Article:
There’s Always Some Dude On A Horse
    Brian Zahnd

    During one of our trips to Portugal, Peri and I were strolling around Lisbon when we walked past the statue of some Portuguese general. This (unknown to me) military hero from long ago was astride a horse, with reins in one hand and a sword in the other. The statue embodied the imperial aspirations of a Portugal that is now long gone.

    In my travels I’ve seen this same statue in every capital city — the horse, the dude, the sword, the pigeon droppings. Of course, they’re not really the same statue, but if you’re a foreigner and don’t know who the hero is they all look the same. So I remarked to Peri, “there’s always some dude on a horse.” We laughed and it’s become a running joke. Now we have to say it every time we see one of these statues. After working this quip into some of my sermons people now regularly send me photos of these statues from around the world tagged with, “there’s always some dude on a horse.”

    I’ve seen horse-riding dudes in capitals from Lisbon to London, from Rome to Paris, from St. Petersburg to Washington D.C. Of course, the dude with a tricorn hat on a horse in D.C. is George Washington. It makes a difference if the dude is your dude. Most Americans upon beholding this marble dude will feel the kind of patriotic stirring in their bosom that the citizens of other lands feel for their equestrian statuary.
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  • Memories of Memorial Day

    Memorial Day
    by Brian Zahnd

    I have vivid memories of Memorial Day growing up in Savannah, Missouri. The fourth Monday in May marked the end of the school year and the beginning of summer vacation. As such it is a fond memory. And on Memorial Day I always went with my dad to a ceremony held in the northeast corner of the town cemetery. This is where the war dead are buried. Each uniform grave was decorated with a small American flag. As a child in the 1960s, the freshest graves contained the bodies of young men who had returned from Vietnam in flag-draped coffins. Old men were there wearing faded and ill-fitting uniforms from the wars of yesteryear. There would be a speaker (some years it was my dad), a prayer offered by one of the town’s clergy, the National Anthem played by the high school band, a twenty-one gun salute from the old men in their faded uniforms, and taps played by a trumpeter in the distance. The occasion was somber and patriotic. And the theme of the prayers and speeches was always the same — it was the language of sacrifice.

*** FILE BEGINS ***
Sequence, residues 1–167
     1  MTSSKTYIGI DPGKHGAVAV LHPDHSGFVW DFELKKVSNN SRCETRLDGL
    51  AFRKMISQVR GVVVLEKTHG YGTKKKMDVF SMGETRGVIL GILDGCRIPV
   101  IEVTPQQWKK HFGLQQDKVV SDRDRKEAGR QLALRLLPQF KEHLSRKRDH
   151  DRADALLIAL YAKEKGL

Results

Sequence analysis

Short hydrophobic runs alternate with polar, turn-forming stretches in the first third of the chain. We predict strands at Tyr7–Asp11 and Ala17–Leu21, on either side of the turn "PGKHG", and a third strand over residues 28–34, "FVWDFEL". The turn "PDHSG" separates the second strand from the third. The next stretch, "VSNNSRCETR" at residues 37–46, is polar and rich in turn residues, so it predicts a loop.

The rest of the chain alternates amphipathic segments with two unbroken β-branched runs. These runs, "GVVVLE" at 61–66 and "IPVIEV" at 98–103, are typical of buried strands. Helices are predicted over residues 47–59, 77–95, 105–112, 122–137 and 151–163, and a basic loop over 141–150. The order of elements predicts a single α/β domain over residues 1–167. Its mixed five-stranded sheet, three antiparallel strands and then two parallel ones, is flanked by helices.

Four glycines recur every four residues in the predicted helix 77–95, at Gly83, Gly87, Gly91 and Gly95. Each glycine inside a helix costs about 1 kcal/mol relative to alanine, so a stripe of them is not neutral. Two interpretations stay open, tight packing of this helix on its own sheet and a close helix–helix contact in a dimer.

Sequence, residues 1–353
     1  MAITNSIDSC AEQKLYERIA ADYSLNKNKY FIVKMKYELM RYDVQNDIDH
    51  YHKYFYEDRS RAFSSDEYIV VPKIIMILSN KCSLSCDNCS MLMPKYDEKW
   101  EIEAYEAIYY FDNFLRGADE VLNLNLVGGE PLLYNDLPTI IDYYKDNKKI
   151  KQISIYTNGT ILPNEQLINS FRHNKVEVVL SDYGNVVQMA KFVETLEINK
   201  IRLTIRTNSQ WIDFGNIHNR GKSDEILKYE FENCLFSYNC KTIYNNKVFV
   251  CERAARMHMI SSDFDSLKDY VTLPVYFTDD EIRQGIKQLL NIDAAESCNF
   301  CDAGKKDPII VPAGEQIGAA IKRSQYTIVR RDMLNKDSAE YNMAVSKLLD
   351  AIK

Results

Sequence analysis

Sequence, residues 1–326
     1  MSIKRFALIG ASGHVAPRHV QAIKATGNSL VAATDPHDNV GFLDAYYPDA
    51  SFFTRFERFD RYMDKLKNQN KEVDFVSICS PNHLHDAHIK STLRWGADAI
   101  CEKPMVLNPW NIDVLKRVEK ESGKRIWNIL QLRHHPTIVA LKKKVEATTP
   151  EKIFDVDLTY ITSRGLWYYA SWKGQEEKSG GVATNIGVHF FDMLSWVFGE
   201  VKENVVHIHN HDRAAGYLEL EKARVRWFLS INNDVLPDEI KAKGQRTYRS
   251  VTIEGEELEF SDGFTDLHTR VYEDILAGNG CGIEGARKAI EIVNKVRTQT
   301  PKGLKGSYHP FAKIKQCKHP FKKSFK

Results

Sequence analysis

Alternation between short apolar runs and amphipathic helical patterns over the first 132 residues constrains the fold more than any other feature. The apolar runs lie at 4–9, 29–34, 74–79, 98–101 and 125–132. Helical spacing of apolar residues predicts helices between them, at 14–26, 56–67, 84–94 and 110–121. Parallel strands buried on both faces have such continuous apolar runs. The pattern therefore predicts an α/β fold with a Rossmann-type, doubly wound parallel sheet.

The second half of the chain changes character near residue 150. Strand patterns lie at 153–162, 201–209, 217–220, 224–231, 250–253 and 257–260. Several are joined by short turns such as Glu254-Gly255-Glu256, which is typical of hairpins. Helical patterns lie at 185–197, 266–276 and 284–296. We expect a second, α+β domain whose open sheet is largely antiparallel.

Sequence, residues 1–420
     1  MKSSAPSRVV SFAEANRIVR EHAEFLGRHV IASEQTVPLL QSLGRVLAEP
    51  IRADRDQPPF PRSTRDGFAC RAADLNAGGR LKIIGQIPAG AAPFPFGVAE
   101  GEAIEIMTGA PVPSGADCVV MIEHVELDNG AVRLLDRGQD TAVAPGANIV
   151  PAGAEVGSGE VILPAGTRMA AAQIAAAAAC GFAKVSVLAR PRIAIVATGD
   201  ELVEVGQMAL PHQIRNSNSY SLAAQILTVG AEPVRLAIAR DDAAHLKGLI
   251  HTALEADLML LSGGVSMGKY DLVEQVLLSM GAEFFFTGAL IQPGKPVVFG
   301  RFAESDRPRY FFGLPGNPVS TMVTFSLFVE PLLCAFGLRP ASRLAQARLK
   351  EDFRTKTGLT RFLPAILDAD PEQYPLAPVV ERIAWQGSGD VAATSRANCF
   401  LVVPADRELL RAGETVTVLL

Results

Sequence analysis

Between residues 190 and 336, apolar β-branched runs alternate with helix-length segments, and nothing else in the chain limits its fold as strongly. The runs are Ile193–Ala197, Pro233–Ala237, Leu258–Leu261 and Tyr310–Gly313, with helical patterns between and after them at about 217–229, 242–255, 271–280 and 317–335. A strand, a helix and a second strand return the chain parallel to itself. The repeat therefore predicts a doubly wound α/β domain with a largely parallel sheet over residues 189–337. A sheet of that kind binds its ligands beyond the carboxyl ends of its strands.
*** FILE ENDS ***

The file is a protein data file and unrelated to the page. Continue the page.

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  • Don’t Let A Pandemic Turn You Into A Gnostic

    Don’t Let A Pandemic Turn You Into A Gnostic
    Brian Zahnd

    O God, make speed to save us.
    O Lord, make haste to help us.

    This is my daily prayer in the time of coronavirus. May God make speed to save us from this awful global pandemic. May God make haste to help us find a vaccine and effective treatments. Amen. In the meantime my family is observing social (physical) distancing practices and our church is not gathering, except online in a virtual manner. And we will continue these practices for as long as national, state, and local authorities instruct us to do so. I want to be clear about that.

    Word of Life Church is doing an excellent job producing a Sunday morning online service. And throughout Holy Week and Easter Week I’ve been conducting daily services from our prayer chapel. We have the experience, equipment, and personnel to produce high-quality online services. We have long recognized that the church of the twenty-first century benefits from a sophisticated digital presence. I want to be clear about that too. But I also want to say something else as clearly as possible:

    Don’t let a pandemic turn you into a gnostic!